Dating from the time of the American Civil War, stud poker was once one of the most commonly played variants of the game. In recent times however, the number of people playing the game has dwindled in comparison to other forms of the game, such as Texas Hold Em and Omaha. Recently however, the game has undergone something of a revival, if not in the casino halls dotted across the globe, then certainly in the digital environment of the Internet.
Many online casino’s offer players the chance to play 5-card stud poker and if you fancy trying your hand at this intriguing form of the game, then read the detailed explanation below on the rules and regulations of the game.
Players new to 5-card stud poker will immediately see the major differences between that and other more familiar variants of the game. Firstly, there are no community cards in 5-card stud, secondly some of the terminology used to describe the dealing of the cards is different (there is no ‘flop’, ‘turn’ or ‘river’) and lastly, how the betting rounds start are also different.
Like all poker games, the aim of the game is to get the best possible poker hand with the cards in your possession and at the same time, to get your opponents to commit as much of their cash into the pot as possible for you to win. The stronger your poker hand is, the more likely you are to win, but in order to entice other players to bet money into the communal pot, it may be necessary to bet strategically to encourage them to win, or ‘muck’ your cards (quit the game) if you feel your hand has no chance of winning.
How you play a hand
Initially, the computer, acting as the croupier, will deal each person in the game, starting from the player on the left of the dealer, one card face down (the ‘hole’ card) and one card face up. The person with the lowest value face up card will place some money into the communal pot known as the ‘bring-in’. This ensures that there is always some money in the pot to play for.
TBetting begins with the player who has been dealt the highest ranking face up card out of all the players. Like other forms of the game, players can pass, call, raise or fold their hand. When the round of betting is complete, a second face up card is dealt to all players remaining in the game.
The process then continues with another round of betting, followed by a fourth card dealt face up, then one more round of betting before the fifth and final card is dealt face up. The final round of betting then follows and a winner is either declared by other people folding, or by any remaining players revealing the best hand by turning over the face down ‘hole’ card. Once the hole card is revealed, the winner is decided and they receive all the money that has been put into the pot.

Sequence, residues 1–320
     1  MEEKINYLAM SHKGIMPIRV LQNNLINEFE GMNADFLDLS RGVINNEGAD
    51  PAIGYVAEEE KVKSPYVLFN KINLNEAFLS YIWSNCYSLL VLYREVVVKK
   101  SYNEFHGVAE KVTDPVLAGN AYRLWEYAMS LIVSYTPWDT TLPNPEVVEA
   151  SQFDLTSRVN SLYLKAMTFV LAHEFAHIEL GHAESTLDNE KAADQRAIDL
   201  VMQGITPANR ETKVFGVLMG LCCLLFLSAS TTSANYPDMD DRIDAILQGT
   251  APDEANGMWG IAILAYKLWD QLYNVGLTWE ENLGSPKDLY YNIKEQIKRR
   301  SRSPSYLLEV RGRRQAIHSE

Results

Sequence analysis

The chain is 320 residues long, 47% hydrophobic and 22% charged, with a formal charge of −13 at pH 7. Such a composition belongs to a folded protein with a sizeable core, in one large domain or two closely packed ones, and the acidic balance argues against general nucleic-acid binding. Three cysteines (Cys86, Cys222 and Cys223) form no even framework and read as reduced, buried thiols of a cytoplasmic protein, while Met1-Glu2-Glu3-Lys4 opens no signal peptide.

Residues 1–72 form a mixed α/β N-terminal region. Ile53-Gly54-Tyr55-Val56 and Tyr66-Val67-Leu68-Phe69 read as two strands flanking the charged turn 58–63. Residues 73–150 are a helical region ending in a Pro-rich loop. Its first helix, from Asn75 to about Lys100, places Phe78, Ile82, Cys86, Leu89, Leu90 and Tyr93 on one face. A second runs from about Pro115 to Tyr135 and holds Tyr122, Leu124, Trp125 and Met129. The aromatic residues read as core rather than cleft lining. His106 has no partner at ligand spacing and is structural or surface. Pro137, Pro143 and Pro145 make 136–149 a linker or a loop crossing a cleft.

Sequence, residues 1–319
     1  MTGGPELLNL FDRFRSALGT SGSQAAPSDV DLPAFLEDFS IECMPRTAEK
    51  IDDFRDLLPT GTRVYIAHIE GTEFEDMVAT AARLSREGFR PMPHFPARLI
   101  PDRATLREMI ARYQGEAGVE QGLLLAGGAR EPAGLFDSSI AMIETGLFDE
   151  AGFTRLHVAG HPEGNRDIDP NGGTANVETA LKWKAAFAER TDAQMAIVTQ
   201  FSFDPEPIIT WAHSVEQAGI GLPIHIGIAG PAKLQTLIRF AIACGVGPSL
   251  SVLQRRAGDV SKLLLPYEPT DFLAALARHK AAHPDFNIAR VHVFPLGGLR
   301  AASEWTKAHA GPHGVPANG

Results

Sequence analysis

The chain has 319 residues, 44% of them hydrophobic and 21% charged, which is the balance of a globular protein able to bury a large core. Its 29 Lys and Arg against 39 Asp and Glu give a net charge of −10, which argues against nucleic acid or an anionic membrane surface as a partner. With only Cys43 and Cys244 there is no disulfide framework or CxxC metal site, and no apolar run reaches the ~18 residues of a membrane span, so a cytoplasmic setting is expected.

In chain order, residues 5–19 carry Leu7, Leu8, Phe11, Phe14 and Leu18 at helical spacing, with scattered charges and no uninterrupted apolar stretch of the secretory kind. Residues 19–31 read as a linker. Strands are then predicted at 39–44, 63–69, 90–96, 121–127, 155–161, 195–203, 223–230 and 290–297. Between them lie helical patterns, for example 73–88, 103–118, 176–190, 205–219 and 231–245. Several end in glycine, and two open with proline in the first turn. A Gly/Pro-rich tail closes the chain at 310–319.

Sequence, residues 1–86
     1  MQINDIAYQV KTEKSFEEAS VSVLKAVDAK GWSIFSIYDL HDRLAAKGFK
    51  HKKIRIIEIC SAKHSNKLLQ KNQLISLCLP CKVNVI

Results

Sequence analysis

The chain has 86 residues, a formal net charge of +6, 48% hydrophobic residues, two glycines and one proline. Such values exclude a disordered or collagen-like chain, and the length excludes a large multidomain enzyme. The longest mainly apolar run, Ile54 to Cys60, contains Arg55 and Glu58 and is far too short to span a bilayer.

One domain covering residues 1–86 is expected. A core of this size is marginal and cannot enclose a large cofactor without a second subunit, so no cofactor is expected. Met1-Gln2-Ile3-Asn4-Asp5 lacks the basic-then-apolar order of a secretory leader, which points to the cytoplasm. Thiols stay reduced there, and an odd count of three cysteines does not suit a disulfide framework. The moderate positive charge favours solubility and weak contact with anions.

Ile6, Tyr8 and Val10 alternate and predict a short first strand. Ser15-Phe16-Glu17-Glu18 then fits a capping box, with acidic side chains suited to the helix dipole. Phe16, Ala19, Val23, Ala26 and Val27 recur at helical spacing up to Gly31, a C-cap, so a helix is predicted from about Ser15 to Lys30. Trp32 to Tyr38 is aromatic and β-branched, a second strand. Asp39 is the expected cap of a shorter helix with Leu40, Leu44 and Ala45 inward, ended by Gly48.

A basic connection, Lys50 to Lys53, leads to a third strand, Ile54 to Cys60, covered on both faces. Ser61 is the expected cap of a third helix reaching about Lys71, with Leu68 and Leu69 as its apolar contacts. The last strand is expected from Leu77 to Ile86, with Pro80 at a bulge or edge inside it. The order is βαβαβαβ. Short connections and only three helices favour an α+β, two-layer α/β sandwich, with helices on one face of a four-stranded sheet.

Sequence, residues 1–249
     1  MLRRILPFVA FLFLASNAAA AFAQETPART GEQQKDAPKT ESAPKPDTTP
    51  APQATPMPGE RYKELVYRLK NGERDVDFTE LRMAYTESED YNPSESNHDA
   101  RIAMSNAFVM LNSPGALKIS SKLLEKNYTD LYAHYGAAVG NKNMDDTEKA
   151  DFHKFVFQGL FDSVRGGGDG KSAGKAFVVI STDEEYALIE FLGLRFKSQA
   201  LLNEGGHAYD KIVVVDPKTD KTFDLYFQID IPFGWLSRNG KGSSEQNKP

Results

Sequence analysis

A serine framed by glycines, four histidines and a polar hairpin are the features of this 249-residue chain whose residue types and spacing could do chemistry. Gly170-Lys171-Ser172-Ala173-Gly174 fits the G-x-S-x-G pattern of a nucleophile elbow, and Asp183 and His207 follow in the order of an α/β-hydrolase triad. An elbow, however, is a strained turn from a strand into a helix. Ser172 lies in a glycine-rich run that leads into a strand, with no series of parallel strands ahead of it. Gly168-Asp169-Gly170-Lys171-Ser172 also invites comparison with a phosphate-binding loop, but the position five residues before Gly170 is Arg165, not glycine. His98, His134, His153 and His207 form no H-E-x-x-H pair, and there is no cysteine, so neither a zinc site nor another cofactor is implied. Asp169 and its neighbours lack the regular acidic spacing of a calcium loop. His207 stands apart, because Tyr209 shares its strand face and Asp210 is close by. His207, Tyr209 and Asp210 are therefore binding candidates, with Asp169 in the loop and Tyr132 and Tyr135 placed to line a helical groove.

It is important to note that many hands of 5-card stud poker do not actually reach the point where the ‘hole’ card is revealed. Many players are unwilling to gamble a lot of money on a card they have not seen and so many games are often decided after one, two or three rounds of betting.
Betting in 5-card stud poker is very similar to other forms of the game. If no money has been put into the pot before a player bets in any round of betting, then they can elect to pass. This means they elect not to bet at this time, but wish to remain in the game to see what other players may do. In casinos, this was signified by players knocking on the table twice and in computerised variants of the game, this move is often signified by the sounding of two knocks from your PC.
If any player makes a bet however, players now cannot pass and must decide to make one of three other choices. If the player wishes to remain in the game, but does not want to put any additional money into the pot, then they can call by matching the amount of cash of the highest bet into the pot. If they feel they are in a strong position however, they can raise, by matching the previous highest bet and then adding some more of their own cash into the pot.
If a player feels however that their position in the game is unwinnable or too risky, they can elect to fold their cards and quit. In 5-card stud poker this is known as “mucking your hand”. The player then sits out the remainder of this game before rejoining in the next hand played (if they elect to do so).
Because all players can see the face up cards and no player has seen the face down card, there are fewer options for players to bluff and bemuse opponents in 5-card stud poker. Betting therefore tends to be based upon the cards people can see as they are drawn. In each round of betting, the player with the best hand based from the face up cards they have been dealt, starts the betting.
Strategies for success
In films such as Maverick, the drama of turning over the hole card to snatch an unlikely win from the jaws of certain defeat means that it is tempting for some to try and stay in a game until the hole cards are revealed. This however is a very risky and expensive strategy to follow!
The key to successfully playing 5-card stud poker is to understand the odds of success of your hand compared to other players. Knowing how likely your opponent is to draw the card they need to win, compared to the card you need to win, is key and this is only achieved by learning the probability of certain cards being drawn.
Like all games of chance, you cannot control the cards you are dealt so you should always play the odds when they are in your favour. Put all romantic notions of Hollywood films aside and play percentages and you will find you become a better, tighter and more profitable player.